The H-E-B team said we went from being a nice-to-have convenience to a critical resource for slowing the spread of COVID in Texas. And especially, a lifeline for immunocompromised customers who did not want to reduce the risk associated with grocery shopping. After trying several meshes, Linkerd was the simplest one and gave them everything they needed out of the box. It was simple to get started with, to understand, did not introduce performance problems, gave them exactly the features they needed, and the resilience and confidence to move forward.
From these examples, I draw three concrete lessons. The first lesson, of course, is about the virtue of simplicity. Simplicity has been a core part of Linkerd’s value proposition and is one of its design principles.
Each of these community members was able to solve critical problems around reliability and security and observability for their applications at a time where speed especially was of the essence. They didn’t use Linkerd because they thought service meshes were cool or because they read a blog post or wanted to try it out. They were trying to build something important and to accomplish something critical for their customers, for their students, for their researchers, or for their employees. And one thing that I’m particularly proud of in Linkerd, is that in the face of a very marketing-driven ecosystem around the service mesh, Linkerd has stayed strong and continued to focus on simplicity.
The second lesson I draw is about community. We’ve worked hard to make Linkerd a welcoming and encouraging place and, because of that, the Linkerd project has seen incredible examples like the ones I described today. The code and the docs and the energy that everyone has invested in the project, even though this very abstract thing called a service mesh that’s difficult to explain to a person outside of our cloud native bubble, and sometimes difficult to explain to people inside our cloud native bubble.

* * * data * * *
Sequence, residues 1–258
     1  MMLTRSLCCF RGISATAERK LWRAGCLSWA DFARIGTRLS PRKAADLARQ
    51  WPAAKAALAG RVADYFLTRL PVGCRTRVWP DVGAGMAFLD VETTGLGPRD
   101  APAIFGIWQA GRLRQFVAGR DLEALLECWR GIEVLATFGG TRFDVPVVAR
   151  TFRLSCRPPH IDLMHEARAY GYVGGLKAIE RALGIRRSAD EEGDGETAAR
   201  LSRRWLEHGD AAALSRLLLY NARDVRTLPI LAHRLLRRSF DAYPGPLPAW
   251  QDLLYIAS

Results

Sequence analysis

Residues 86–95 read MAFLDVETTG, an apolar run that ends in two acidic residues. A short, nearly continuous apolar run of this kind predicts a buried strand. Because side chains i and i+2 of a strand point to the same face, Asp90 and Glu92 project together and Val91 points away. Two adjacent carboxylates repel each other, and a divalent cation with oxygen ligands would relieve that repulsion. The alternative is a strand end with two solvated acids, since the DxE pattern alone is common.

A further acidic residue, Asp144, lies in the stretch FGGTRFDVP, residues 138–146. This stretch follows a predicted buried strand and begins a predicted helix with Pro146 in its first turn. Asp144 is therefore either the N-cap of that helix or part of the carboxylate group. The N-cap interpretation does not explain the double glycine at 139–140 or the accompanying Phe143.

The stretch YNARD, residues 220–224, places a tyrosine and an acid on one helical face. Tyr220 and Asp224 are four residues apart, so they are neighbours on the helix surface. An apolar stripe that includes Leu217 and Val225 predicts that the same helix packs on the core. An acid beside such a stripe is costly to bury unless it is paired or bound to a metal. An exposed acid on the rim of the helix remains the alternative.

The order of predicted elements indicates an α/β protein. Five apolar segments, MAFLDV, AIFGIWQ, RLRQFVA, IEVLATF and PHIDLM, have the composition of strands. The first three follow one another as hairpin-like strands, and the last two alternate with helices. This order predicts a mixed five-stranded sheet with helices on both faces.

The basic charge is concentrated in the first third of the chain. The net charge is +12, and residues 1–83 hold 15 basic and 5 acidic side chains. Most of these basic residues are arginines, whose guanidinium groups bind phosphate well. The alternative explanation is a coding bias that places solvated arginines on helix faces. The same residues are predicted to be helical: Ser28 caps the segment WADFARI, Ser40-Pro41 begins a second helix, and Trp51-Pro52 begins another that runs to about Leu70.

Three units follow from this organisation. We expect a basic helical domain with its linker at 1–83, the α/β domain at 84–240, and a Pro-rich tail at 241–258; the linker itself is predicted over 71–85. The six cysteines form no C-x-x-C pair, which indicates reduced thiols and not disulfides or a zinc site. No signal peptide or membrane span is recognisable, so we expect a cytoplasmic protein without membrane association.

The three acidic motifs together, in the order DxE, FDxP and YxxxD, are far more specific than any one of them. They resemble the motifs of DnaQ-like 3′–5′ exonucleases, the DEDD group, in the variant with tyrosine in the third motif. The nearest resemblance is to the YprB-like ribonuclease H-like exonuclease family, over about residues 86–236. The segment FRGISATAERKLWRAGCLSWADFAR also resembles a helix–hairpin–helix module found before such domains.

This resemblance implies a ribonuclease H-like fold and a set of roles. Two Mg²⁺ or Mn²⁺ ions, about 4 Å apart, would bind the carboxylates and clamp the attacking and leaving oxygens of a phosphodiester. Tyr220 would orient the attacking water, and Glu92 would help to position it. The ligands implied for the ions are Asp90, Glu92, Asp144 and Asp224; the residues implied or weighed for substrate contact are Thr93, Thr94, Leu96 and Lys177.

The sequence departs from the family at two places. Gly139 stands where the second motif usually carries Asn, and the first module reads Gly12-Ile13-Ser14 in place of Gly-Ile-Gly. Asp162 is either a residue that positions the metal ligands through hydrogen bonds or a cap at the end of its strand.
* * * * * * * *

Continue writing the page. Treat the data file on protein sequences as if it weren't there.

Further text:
All that has actually made a difference to real people in a very concrete and very real way. Whether it’s by helping them find vaccines or get their groceries safely or find the research they need or get tested when they need to. That, to me, is a tremendous demonstration of the power of community.
The third and final lesson for me especially is one of gratitude. I am profoundly grateful to our amazing Linkerd community and I’m grateful to the teams that NCBI and Clover Health and Penn State and H-E-B and in all the other organizations around the world that are building on top of Linkerd and using it to address the COVID-19 pandemic.
As every open source community member knows, the best reward in open source is seeing others use a project, especially for something that you yourself feel proud of and, so on behalf of the Linkerd open source community, I’d like to say thank you — thank you!